Urlacher, an All-American safety at New Mexico but MVP of the Senior Bowl in his first game at middle linebacker, had been starting at strong side, over the tight end, because coaches considered it a simpler position for Urlacher to master. But he was not always correctly aligned before the snap, did not use his hands against blockers effectively and occasionally led with his head on tackles. His benching cost him the chance to be the first Bears rookie linebacker since Dick Butkus to start an Opening Day.

It also was the first time in his football life that Urlacher could remember being demoted.

"It's not a good feeling," he said. "I definitely don't like getting demoted but I know why I am. I just have to get better."

Coaches understood what they were really attempting, subsequently acknowledged privately that the SLB experiment was a mistake. While the strong-side slot may have been simpler than the other two principally because of coverage duties, "we're trying to force-feed the kid an elephant," then-defensive coordinator Greg Blache said.

"So you see him gag and what do you do? You give him the Heimlich maneuver, you take some of it out of his mouth, try to chop it up into smaller pieces. He's going to devour it and be a great football player. But he wouldn't be if we choked him to death."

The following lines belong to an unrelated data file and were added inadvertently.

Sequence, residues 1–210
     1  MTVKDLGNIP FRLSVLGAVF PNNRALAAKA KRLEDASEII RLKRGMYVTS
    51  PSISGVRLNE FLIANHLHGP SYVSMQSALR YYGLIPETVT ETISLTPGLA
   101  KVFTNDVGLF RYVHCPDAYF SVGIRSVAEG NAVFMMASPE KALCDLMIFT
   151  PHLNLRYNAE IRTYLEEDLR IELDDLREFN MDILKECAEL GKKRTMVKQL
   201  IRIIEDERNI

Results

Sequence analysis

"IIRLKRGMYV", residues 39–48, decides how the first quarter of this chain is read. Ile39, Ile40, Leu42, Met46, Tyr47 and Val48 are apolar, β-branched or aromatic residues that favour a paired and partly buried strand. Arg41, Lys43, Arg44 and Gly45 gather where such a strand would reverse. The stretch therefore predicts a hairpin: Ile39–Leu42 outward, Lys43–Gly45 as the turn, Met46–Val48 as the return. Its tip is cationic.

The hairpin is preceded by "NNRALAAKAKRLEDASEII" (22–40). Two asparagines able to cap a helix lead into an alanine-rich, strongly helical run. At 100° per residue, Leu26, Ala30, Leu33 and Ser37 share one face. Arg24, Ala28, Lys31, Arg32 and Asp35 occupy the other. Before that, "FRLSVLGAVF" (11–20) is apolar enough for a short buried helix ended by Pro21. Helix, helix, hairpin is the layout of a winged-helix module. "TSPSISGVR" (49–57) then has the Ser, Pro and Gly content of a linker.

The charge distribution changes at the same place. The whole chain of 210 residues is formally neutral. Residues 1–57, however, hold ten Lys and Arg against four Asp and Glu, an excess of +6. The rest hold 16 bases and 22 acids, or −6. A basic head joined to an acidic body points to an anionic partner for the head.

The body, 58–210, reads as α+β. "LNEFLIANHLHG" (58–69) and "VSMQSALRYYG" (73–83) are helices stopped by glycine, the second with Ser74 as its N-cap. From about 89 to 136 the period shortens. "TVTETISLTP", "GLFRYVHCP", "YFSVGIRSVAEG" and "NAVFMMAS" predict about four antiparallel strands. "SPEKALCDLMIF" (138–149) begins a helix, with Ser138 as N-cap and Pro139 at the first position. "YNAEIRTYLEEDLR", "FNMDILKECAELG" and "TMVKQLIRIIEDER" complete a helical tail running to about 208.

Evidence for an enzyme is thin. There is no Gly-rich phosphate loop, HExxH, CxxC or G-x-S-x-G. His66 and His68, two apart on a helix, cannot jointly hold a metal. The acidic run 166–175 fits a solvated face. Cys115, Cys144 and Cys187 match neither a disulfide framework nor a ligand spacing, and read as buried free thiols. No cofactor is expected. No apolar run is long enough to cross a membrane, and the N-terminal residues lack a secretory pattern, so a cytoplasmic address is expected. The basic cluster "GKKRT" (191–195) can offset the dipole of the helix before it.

Urlacher didn’t choke and eventually became the starter, not outside, but at middle linebacker when Barry Minter was injured week two at Tampa Bay.

We sometimes don’t fully know the import or significance at the time we’re witnessing something. Urlacher stepping in at middle linebacker was not one of those times – you knew, watching him pick up four tackles in basically just the fourth quarter of a 41-0 blowout by the Bucs.

That was the beginning. Over the years came moments like Urlacher scooping up a Michael Vick fumble in the 2001 Atlanta game and going 90 yards with Vick giving chase but not catching him. Lots of those kinds of moments.

And then cutting to the ending, in 2013, when he and the organization came to an acrimonious parting after GM Phil Emery managed to alienate the face of the franchise both with the one-year contract offer and the way it was handled. Butkus had a nasty separation at the end of his Bears years, too, and Bill George finished his career as a Los Angeles Ram after creating the middle linebacker position as a Bear. Maybe that’s just how Bears and some of their linebackers wind up their relationships.

In any case, while there is no cheering in the pressbox, the hope here is that Brian goes into the Hall in a class with Ray Lewis in their first years of eligibility. Somehow that just seems like it all should close out for that confused kid from New Mexico who lost his first job out of college, but responded to that by becoming one of the all-time greats in his sport.